If a facility operated at basically the same power consumption level from one hour to the next and
One day to the next, the utility company could predict accurately the demand of the load, and then size its equipment (including the allocation of energy reserves) for only the amount of power actually needed.
For the example shown in the figure, however, the utility company must size its equipment (including allocated energy reserves) for the peak demand. The area between the peak demand and the actual usage is the margin of inefficiency that the customer forces upon the utility. The peak demand factor is a method used by utility companies to assess penalties for such operation, thereby encouraging the customer to approach a more efficient state of operation (from the utility’s viewpoint).
Load shedding is a term used to describe the practice of trimming peak power demand to reduce
high-demand penalties. The goal of load shedding is to schedule the operation of nonessential equipment so as to provide a uniform power load to the utility company and, thereby, a better kWh rate. Nearly any operation has certain electric loads that can be rescheduled on a permanent basis or deferred as power demand increases during the day. (Figure 1.2) illustrates the results of a load-shedding program. This more efficient operation has a lower overall peak demand and a higher average demand.
Peak demand reduction efforts can cover a wide range of possibilities. It would be unwise from an
energy standpoint, for example, to test high-power standby equipment on a summer afternoon, when air-conditioning units may be in full operation. Morning or evening hours would be a better choice, when the air-conditioning is off and the demand of office equipment is reduced. Each operation is unique and requires an individual assessment of load-shedding options.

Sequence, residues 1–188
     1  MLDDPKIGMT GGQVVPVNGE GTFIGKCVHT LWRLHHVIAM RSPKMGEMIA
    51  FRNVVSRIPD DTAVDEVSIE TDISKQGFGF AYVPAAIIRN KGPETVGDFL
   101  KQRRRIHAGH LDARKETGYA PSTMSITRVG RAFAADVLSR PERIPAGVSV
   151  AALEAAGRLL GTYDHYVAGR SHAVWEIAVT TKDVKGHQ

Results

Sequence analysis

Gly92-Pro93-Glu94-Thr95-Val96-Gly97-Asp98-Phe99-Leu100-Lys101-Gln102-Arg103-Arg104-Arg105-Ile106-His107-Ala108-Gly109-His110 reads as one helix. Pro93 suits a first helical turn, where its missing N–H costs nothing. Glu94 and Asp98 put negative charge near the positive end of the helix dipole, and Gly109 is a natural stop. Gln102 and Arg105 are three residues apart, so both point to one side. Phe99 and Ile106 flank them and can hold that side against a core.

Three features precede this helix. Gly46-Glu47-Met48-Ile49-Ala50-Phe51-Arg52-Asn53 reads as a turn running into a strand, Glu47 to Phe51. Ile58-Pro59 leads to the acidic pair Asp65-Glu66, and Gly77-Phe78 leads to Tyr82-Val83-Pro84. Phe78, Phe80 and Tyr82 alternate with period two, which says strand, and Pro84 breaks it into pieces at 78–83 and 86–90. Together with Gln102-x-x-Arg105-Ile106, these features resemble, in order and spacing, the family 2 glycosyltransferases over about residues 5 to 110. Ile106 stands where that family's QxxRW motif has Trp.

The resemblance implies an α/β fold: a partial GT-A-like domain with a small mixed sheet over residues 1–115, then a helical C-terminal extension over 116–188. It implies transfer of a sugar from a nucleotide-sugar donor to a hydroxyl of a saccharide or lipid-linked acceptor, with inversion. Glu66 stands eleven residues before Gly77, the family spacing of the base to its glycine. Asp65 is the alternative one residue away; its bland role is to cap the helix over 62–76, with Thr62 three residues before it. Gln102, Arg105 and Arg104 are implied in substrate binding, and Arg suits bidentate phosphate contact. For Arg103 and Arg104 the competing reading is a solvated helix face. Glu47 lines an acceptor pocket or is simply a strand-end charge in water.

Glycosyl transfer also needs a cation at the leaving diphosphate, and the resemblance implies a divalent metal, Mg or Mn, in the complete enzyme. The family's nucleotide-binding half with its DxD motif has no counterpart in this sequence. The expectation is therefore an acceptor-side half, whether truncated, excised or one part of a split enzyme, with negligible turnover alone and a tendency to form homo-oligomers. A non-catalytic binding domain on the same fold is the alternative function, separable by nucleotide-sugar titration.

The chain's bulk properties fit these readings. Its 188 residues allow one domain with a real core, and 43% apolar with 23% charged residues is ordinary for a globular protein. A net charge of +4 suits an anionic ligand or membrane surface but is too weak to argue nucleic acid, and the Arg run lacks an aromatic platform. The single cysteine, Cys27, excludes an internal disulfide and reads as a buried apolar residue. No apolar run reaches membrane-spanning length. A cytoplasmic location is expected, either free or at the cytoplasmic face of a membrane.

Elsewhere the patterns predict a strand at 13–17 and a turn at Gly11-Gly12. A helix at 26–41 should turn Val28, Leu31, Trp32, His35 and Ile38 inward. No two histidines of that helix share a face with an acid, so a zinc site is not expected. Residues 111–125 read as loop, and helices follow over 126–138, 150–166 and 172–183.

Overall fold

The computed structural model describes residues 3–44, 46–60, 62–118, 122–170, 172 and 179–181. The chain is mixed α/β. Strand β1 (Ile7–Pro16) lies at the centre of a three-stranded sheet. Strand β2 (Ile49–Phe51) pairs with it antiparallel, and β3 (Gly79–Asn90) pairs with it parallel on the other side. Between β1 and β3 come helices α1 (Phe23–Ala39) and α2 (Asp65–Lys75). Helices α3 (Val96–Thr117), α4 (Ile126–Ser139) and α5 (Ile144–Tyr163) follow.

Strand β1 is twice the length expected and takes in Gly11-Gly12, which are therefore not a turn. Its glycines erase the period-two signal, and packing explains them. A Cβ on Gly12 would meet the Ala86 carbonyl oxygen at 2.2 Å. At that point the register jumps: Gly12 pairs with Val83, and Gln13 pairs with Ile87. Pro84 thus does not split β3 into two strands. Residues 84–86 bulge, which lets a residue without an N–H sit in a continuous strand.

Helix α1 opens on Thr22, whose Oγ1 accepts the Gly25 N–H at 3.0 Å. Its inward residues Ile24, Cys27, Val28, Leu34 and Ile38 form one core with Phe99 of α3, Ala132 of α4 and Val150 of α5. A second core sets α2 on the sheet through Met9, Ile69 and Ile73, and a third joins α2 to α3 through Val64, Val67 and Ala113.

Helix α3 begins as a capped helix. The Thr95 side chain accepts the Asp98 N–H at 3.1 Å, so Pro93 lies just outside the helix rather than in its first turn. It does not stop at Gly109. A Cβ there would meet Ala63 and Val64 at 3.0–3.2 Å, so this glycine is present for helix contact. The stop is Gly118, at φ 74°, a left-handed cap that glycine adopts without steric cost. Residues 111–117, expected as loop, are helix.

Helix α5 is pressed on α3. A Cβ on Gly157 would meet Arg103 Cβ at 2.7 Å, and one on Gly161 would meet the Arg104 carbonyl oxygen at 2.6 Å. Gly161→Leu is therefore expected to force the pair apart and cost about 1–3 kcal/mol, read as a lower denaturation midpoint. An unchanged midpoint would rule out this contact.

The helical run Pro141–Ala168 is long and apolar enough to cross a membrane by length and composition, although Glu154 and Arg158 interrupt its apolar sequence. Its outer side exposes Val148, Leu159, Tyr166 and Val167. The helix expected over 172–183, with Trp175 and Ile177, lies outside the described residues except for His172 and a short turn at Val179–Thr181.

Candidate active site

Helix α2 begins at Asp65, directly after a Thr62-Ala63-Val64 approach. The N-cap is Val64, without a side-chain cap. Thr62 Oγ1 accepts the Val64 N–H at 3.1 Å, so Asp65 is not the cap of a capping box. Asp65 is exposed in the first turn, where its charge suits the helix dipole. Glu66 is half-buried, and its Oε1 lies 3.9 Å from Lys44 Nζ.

An automated power-demand controller provides an effective method of managing peak demand. A controller can analyze the options available and switch loads as needed to maintain a relatively constant power demand from the utility company. Such systems are programmed to recognize which loads have priority and which loads are nonessential. Power demand then is automatically adjusted by the system, based upon the rate schedule of the utility company.
4. Load Factor
The load factor on an electric utility company bill is a product of the peak demand and energy usage. It usually is calculated and applied to the customer’s bill each month. Reducing either the peak demand or energy usage levels, or both, will decrease this added cost factor. Reducing power factor penalties also will help to reduce load factor charges.
5. Power Factor
Power factor charges are the result of heavy inductive loading of the utility company system. A poor PF will result in excessive losses along utility company feeder lines because more current is required to supply a particular load with a low PF than would be demanded if the load had a PF close to unity. The power factor charge is a penalty that customers pay for the extra current needed to magnetize motors and other inductive loads. This magnetizing current does not show up on the service drop wattmeter. It is, instead, measured separately or prorated as an additional charge to the customer. The power factor penalty sometimes can be reduced through the addition of on-site PF correction capacitors.
Power factor meters are available for measurement of a given load. It is usually less expensive in the long run, however, to hire a local electrical contractor to conduct a PF survey and recommend correction methods. Possible sources of PF problems include transmitters, blowers, air conditioners, heating equipment, and fluorescent and high-intensity discharge lighting-fixture ballasts.
1. Lawrie, R.H., Practical Guide to Electrical Energy Costs.
- برای دانلود مقاله با فرمت پی دی اف روی لینک زیر کلیک کنید:
رضا حاجیها- کارشناس ارشد برق – دانشگاه صنعتی شریف